So first, I want to say that I am happy that UCLA has met or exceeded the minimum NCAA APR (http://web1.ncaa.org/app_data/apr2007/110_2007_apr.pdf) . I am a firm believer that all student-athletes are in fact students, and should be students first and athletes second. So UCLA's APR is a good thing.
But, at the same time, I am very concerned about student-athlete graduation rates, especially, but not only, in the "big" sports of men's basketball and football. (http://stanford.scout.com/2/748689.html). If you look through these numbers, they should be of concern to anyone who is interested in the best interests of the students who are privileged to go to UCLA (and to many Pac 10 schools) and who we are privileged to enjoy watching.
A few things jump off the page, at least to me. The first is that Stanford does a far better job in graduating their players. Now I know there are institutional reasons for this. And I know that, in general, UCLA and most other Pac 10 schools get kids who are more likely to make it professionally than Stanford does. However, even at UCLA, most of the football players will not make it as pros. The same goes for baseball (though there are of course more who linger in the minor leagues for their careers). I believe that UCLA needs to do a better job of graduating their athletes. A college degree is this century's high school degree. Your chance of success and earning potential go up markedly with one in hand (http://insidehighered.com/news/2007/09/13/collegeboard).
But this is only the tip of the concern iceberg for me. If you look at the two different graduation-gap statistics given in the scout.com article, there are some areas of major concern. UCLA is rather high on two lists -- the differences between student athlete graduation rates and the general student population, and of equal, if not greater concern, the gap between african-american student athletes caucasian athletes. Both the fact that these gaps are significant, and the fact that UCLA consistently seems to be in the middle of Pac 10 on many of these lists, and shows up on even some of the national charts, should be a concern.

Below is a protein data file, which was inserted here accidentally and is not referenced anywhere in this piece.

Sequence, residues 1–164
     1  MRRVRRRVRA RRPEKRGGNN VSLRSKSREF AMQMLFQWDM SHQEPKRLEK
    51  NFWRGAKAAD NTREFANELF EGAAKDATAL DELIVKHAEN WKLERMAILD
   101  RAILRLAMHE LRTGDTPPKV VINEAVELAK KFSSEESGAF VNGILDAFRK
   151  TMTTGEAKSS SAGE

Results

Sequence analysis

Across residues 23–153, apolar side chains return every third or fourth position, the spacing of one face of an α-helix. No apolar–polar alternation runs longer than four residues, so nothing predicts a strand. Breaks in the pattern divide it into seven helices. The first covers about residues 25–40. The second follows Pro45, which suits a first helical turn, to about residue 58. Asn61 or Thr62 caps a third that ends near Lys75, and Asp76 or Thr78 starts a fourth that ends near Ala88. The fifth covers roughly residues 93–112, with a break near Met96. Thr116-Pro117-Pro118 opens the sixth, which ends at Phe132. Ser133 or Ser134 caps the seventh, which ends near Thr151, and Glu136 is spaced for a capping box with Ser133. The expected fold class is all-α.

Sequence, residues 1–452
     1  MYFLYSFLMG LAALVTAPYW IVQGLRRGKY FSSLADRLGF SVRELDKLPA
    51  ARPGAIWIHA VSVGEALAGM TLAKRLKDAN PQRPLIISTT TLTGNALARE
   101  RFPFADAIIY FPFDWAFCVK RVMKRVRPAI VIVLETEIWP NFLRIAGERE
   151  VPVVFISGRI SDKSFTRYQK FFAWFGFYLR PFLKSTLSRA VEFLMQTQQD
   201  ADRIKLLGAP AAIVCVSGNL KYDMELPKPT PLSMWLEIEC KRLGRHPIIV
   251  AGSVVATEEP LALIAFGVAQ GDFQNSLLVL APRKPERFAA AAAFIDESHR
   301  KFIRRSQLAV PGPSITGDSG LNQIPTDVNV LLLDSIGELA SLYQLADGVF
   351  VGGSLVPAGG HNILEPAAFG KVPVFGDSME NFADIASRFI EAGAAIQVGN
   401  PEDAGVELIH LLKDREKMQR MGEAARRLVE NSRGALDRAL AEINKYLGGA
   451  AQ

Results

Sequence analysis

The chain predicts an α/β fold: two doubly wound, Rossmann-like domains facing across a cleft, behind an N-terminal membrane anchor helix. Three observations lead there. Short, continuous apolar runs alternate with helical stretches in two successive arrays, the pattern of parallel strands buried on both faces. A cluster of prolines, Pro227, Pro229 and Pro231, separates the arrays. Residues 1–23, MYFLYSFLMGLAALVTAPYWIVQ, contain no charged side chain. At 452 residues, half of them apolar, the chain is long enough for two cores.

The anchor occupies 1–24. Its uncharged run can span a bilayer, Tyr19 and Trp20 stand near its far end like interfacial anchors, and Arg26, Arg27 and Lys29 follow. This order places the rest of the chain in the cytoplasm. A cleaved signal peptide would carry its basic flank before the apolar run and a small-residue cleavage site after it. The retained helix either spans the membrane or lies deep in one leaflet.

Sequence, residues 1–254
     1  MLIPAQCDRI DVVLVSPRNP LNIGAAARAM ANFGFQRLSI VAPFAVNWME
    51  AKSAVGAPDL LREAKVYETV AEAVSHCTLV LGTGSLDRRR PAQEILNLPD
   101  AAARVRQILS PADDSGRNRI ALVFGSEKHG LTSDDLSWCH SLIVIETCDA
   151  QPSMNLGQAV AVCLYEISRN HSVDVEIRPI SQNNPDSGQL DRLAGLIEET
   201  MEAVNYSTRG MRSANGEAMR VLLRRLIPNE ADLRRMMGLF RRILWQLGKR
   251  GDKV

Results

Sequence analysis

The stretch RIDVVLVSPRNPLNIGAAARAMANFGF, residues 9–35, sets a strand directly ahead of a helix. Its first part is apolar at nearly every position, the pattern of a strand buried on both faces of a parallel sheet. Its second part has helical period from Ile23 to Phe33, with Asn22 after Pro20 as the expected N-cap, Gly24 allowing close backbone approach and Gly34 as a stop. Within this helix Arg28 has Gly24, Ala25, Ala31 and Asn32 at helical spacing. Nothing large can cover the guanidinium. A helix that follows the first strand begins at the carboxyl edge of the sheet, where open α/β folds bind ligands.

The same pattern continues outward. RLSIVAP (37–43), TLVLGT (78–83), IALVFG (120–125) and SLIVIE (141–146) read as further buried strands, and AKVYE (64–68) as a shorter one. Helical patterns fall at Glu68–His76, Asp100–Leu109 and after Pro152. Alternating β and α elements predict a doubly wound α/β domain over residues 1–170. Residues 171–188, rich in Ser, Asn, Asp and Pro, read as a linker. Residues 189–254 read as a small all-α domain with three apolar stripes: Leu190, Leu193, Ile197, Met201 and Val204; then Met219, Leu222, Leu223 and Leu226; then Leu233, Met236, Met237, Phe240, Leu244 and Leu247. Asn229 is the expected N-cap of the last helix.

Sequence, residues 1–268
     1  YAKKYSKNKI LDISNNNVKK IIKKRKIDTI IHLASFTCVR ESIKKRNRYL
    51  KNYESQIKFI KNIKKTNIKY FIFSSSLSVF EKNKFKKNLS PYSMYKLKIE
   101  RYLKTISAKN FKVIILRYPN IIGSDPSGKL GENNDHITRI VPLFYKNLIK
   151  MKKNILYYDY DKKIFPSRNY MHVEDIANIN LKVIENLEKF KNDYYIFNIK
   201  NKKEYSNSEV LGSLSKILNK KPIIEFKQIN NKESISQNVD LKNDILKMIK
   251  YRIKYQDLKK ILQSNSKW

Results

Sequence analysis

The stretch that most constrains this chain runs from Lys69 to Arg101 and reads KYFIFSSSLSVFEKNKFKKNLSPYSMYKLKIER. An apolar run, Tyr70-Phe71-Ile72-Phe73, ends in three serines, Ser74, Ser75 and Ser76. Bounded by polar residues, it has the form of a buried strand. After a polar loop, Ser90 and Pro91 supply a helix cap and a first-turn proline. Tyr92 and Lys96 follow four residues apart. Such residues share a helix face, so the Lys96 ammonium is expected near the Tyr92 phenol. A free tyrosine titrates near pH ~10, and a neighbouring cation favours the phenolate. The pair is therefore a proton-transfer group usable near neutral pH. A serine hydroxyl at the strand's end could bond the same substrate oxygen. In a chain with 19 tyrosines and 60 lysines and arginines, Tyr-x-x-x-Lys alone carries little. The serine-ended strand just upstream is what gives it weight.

Now I know that some people will say that the graduation rates reflect that fact that UCLA gets many students who have professional potential. And there is of course some truth to that, especially in basketball. But basketball is such a small pool in the larger athletic waters. That UCLA can only graduate 61% of its african-american athletes, as opposed to 81% of its caucasian athletes (and the fact that 61% represents second best in the Pac 10, which is grim in and of itself), is not something to be proud of.
I want UCLA to be actively concerned about these numbers. I want UCLA alumni and UCLA supporters to be actively concerned about these numbers. They should not be acceptable to anyone. Now this does not mean I am not a realist. This does not mean that I don't think the APR is of value, that I don't think Kevin Love, for instance, should go pro, or that I am not happy that he, and other student-athletes are making sure they are in good standing when they drop-out/go pro. Because I am happy that they are responsible to themselves and to the school. But UCLA should do better. I know there is a different between public and private schools (having taught at both UCLA and Stanford), but I believe that UCLA should be second to Stanford in these various numbers in every category, year in, year out.
I know there are people who disagree with me, who say that a solid APR is good enough. But an education, and a UCLA degree, lasts far longer than any athletic career, for those few who actually achieve one. A long time ago, Horace Mann said: "Education, then, beyond all other devices of human origin, is the great equalizer of the conditions of men,--the balance-wheel of the social machinery." (Look at the insidehighered.com article I linked above if you want that quantified a bit.) If we, as a society, let our student-athletes leave a great academic institution like UCLA without an education and make no even minimal effort to anything about it, then the University, and we too, are indeed guilty of using them for our own amusement and making money on their backs.
I believe we can do better.